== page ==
At the meeting, Cassuto also made some more practical observations. “The cable car is highly unlikely to run on sabbaths and Jewish festivals . . . and if it did, it would produce no end of additional friction.” The current traffic bottleneck at the Old City wouldn’t be eliminated; it would be moved to wherever the cable car’s terminus point was located. Moreover, “the entire Western Wall Plaza can hold a maximum of 5,600 men and women. The cable car could bring 3,000 persons an hour—in addition to those who reach the plaza by other means.” Apart from the terrible crush that would be generated by these numbers, and the necessity of closing other access routes to keep the pressure from becoming intolerable, this would block off the Western Wall to religious Jews who come not as tourists but to pray.

One group that might benefit from the project is Elad, a private foundation that since 1986 has dominated the development of much of the Old City, especially the many archaeological digs. “Within the park boundaries,” Cassuto noted in his comments, “there are a number of tourist attractions that charge for admission, run by the Elad organization under contract from the nature reserves and national parks authority. These include the Siloam Tunnel and the City of David excavations.”

The cable car project would of necessity be made accessible only through Elad’s Kedem Center for tourists, a large facility that has not yet been built. “I wonder if the true aim of the cable car,” said Cassuto, “is not to facilitate access to the Western Wall, but rather to bring crowds to Elad’s disproportionate Kedem tourist center. With a total area of 16,000 square meters and rising to a height of seven stories, it is hard to imagine what the sponsors plan to do with all that floor space.”

Why erect a white elephant in the middle of one of the most iconic sites in the world?

I asked Elad to respond to these serious objections to the cable car project. Doron Spielman, its vice chairman, told me that Elad is not involved in “the fine details of this initiative,” calling it “solely a project” of the Israeli government. “We do realize,” Spielman continued, “that the issue of transportation to the area of the Old City and the City of David is a major challenge that needs to be addressed.” He encouraged me to talk to “the government agencies involved, city planners and architects.”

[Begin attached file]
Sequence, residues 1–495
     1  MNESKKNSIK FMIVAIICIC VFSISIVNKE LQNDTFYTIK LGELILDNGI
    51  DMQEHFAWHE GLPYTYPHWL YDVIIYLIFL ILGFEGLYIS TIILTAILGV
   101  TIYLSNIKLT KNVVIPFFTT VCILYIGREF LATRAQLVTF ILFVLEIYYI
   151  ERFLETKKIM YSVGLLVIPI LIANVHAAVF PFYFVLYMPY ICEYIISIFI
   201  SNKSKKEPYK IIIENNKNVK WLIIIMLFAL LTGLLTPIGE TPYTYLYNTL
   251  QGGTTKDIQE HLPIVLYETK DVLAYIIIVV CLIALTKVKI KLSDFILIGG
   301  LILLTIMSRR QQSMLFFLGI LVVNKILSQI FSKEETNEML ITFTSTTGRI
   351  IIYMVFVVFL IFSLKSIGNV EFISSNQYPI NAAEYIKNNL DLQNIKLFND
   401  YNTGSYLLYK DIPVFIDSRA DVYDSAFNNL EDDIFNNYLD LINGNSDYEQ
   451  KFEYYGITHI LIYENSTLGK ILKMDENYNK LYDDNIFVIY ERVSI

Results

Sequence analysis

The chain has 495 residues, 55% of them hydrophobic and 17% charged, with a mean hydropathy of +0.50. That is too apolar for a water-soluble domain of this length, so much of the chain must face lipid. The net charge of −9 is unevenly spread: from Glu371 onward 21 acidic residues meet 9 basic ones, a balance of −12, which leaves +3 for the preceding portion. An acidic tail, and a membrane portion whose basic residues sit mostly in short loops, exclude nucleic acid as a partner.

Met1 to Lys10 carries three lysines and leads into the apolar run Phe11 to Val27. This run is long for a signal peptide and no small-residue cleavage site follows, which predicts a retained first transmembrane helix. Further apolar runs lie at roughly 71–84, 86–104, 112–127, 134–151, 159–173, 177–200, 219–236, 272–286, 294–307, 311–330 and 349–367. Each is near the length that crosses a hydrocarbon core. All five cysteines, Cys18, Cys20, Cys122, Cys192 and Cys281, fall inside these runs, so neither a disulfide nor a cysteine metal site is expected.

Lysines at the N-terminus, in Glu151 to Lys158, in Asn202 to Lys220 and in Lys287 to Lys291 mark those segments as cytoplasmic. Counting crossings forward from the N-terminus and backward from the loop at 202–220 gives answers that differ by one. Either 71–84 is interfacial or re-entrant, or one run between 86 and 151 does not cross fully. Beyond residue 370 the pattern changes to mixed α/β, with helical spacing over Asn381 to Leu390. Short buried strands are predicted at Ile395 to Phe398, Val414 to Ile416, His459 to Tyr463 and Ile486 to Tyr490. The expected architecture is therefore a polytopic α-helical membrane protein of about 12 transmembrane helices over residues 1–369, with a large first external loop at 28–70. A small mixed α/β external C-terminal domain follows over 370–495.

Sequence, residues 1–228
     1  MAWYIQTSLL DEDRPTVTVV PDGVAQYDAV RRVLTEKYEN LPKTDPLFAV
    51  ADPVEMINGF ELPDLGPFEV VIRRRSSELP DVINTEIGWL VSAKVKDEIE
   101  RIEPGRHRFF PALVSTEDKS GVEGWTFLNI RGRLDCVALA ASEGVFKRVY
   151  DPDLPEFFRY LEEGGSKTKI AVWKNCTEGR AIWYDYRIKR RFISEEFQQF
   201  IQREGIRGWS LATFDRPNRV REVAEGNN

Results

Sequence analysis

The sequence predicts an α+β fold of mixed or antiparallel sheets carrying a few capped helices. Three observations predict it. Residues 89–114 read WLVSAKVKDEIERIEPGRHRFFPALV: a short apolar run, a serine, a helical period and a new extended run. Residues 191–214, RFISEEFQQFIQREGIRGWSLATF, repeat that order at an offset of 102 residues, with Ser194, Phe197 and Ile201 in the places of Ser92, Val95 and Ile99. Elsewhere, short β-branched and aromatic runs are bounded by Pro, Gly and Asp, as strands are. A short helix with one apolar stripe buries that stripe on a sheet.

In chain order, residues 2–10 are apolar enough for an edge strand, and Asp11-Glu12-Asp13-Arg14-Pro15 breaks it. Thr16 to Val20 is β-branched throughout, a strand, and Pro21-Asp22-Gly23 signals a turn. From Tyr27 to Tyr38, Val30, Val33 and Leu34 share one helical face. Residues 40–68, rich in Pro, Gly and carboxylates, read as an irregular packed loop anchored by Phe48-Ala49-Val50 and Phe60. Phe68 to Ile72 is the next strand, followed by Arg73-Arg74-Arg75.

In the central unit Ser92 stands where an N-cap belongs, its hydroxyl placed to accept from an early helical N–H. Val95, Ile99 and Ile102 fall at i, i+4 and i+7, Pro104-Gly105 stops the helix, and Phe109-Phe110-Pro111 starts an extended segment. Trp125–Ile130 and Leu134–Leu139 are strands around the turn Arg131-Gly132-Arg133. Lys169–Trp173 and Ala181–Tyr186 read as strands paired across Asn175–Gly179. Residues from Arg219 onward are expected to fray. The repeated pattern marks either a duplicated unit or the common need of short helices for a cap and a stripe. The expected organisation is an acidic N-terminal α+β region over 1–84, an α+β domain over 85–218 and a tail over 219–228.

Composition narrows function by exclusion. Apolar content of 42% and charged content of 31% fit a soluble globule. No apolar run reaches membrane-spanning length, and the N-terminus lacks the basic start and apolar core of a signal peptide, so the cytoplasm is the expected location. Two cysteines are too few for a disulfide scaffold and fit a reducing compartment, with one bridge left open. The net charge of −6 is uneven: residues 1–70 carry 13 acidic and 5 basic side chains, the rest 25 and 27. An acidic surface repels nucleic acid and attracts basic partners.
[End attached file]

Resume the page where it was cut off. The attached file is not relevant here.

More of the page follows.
I approached the Ministry of Tourism, recently under a new head, Asaf Zamir, from the Blue and White party. The ministry, which has remained stalwart in its stand regarding this project initiated by the previous government, gave me this statement:

The Ministry of Tourism weighed the relevant aspects before coming to a decision that balanced the importance of the cable car as part of the national infrastructure that will help create a usefulness for the general public, against the claims raised against it. . . . The great importance of accessibility, and the generation of a development of tourism in the area of the Old City, the historic heart of Jerusalem, will create jobs for hundreds of thousands of people. The Ministry does not disregard the claims made by various bodies and understands the feelings that are raised, but however the public interest is greater. . . . Issues surrounding the project and the claims brought against it were brought before the high court which will discuss it in detail in the future.

It would appear that the Ministry of Tourism has no interest in detailing what the objections have been or in addressing them, nor in substantiating the astonishing number of jobs it claims will be created by this cable car. Then there’s the fact that the issue was taken up by the Ministry of Tourism, rather than the Ministry of Transport, in the first place. All of which suggests that this is another project for which the full impact has not been taken into consideration.

The issue has now been taken to Israel’s high court, which may be able to save the day. So far it has put the plans on hold because the Ministry of Tourism did not follow official planning procedures.

One question seems to be unanswered. Why, with so much professional opinion against the project, does the minister of tourism feel the urge to erect a white elephant in the middle of one of the most iconic sites in the world? So much history, theology, and beauty would be wiped away for the sake of a bunch of tourist dollars, from people who are here today and gone tomorrow. The answer can only be provided by the few individuals and groups who seem to think this scheme could work to anyone’s benefit. It is for them to come clean and show their hand before it is too late.

A version of this article appears in the print edition under the title “A cable car to the Old City?”